I'm leveraging the Python packages lime and shap to explain single (test-set) predictions that a basic, trained model is making on new, tabular data. WLOG, the explanations generated by both methods do not agree with user intuition.
For example, when leveraging the methods in a healthcare setting, they might list the presence of a comorbidity (a disease that frequently co-occurs with the outcome disease of interest) as a factor that decreases a patient's risk of an adverse event.
Intuitively, such behavior is incorrect. We shouldn't see that
history of heart attacks lowers the risk of
adverse events, for example. What are some reasons that we might see these inconsistencies?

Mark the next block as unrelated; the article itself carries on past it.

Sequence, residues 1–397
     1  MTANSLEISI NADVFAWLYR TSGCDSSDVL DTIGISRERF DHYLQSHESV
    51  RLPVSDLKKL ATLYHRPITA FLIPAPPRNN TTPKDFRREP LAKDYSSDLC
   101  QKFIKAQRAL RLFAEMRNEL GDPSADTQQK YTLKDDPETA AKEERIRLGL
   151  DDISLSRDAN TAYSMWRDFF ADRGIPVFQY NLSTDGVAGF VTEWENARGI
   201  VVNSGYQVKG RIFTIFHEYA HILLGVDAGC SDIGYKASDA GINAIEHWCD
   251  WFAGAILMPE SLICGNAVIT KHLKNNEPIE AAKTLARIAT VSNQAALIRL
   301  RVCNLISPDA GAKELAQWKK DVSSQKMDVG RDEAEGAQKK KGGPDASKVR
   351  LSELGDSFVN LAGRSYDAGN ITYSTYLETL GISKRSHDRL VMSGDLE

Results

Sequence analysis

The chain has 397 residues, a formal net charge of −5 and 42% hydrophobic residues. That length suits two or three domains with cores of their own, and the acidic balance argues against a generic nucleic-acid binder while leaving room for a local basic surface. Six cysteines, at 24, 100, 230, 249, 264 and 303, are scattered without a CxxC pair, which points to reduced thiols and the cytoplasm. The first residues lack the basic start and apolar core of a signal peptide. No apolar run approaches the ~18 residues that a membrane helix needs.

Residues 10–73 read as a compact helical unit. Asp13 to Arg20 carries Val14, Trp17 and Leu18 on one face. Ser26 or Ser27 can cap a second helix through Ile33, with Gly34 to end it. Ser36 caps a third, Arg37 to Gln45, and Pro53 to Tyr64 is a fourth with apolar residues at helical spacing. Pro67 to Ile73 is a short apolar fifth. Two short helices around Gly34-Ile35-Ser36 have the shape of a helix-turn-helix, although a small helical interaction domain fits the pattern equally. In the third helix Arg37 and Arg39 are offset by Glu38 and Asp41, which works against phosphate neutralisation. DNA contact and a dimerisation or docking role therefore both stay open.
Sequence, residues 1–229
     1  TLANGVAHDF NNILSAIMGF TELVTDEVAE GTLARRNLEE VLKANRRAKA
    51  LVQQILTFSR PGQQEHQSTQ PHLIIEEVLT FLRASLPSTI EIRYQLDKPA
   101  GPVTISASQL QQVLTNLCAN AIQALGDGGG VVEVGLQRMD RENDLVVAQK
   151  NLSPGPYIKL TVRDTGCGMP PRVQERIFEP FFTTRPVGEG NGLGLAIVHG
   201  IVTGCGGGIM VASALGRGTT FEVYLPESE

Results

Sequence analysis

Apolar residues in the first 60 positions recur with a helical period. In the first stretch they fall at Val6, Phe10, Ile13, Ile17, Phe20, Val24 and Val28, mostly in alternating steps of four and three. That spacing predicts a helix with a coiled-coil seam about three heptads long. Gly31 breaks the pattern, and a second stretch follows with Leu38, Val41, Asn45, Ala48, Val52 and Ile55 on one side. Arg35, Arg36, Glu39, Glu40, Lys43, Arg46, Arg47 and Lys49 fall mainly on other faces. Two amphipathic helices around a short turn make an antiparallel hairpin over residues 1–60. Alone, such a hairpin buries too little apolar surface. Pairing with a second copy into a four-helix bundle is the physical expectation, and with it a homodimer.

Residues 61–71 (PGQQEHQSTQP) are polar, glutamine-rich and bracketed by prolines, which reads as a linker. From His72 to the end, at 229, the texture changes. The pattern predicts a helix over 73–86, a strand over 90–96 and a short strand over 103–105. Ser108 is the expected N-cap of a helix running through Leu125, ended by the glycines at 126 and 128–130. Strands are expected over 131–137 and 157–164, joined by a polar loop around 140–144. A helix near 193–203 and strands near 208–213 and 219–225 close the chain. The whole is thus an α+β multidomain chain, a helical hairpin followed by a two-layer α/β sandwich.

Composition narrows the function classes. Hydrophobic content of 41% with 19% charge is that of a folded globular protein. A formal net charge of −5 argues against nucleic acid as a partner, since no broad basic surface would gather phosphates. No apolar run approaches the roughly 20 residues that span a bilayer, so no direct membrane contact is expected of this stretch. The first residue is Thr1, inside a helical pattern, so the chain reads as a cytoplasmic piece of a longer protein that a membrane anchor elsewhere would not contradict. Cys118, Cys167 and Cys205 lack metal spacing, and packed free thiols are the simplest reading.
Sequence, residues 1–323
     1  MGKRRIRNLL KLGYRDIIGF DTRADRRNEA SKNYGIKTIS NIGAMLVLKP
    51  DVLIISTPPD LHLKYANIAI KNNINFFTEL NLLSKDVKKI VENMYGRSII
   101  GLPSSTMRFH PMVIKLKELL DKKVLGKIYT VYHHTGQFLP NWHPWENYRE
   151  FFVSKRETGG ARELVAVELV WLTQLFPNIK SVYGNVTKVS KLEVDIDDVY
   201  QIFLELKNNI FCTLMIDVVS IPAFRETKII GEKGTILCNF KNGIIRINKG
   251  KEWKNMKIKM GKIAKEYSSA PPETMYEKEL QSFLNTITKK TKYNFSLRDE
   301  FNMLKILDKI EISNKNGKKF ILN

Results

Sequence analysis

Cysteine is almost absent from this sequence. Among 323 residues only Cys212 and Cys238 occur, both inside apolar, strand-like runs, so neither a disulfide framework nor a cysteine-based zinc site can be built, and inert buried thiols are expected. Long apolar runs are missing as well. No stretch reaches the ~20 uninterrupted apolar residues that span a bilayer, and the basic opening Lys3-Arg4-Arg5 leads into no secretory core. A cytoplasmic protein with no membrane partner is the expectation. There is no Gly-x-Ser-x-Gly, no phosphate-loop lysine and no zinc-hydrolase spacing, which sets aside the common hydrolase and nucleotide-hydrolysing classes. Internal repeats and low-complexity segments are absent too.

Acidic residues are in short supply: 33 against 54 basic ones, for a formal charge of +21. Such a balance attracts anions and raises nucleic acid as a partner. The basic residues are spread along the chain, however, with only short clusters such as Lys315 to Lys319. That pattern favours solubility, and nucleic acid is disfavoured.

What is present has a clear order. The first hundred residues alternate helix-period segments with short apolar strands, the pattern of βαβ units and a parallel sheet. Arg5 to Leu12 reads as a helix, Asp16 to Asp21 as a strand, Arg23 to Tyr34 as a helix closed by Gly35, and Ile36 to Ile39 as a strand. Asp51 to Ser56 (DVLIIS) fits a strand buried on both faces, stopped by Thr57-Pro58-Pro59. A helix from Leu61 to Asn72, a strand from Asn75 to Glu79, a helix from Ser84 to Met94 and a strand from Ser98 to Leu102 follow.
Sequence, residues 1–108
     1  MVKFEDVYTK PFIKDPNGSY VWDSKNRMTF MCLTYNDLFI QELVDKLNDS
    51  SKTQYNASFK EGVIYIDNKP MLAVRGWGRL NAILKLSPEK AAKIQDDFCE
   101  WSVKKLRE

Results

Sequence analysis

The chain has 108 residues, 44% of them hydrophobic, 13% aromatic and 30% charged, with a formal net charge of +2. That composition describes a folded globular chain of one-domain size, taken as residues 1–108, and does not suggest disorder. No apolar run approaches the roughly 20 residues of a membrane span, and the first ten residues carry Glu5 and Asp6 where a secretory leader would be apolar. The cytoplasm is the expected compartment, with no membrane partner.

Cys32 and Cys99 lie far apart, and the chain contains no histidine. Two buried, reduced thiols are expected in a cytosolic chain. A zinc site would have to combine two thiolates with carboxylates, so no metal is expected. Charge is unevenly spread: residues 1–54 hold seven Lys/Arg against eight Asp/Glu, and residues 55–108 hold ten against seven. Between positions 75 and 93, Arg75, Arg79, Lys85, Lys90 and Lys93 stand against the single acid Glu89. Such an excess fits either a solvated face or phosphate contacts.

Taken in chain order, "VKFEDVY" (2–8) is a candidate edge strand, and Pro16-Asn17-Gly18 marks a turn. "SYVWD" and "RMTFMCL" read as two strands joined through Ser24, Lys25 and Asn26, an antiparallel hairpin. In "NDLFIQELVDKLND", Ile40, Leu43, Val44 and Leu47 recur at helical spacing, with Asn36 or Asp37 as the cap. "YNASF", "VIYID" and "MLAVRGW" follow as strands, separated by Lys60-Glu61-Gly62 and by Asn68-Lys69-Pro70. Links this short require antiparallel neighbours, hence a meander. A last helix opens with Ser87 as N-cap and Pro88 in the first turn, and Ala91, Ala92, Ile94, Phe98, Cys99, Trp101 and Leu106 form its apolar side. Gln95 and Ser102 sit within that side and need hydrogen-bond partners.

Some of my ideas
- Class label imbalance: tried balancing the dataset, did not solve the issue
- Kernel width for LIME: working on tuning this, but cursorily, no benefit
- Relationship to training data: for tabular data, both
shaprequire the training dataset as input to build the explainer class. If there are instances in which a feature such as history of heart attacks were associated with a no adverse event outcome, such instances would "confuse" the methods, so to speak. However, I'm not sure I have the intuition correct there.
- Error in understanding on my part: there may be nuances in intuition here that I've missed. Specifically, I am trying to make sure I correctly understand the relationship between the generated explanations and the training dataset used to build them.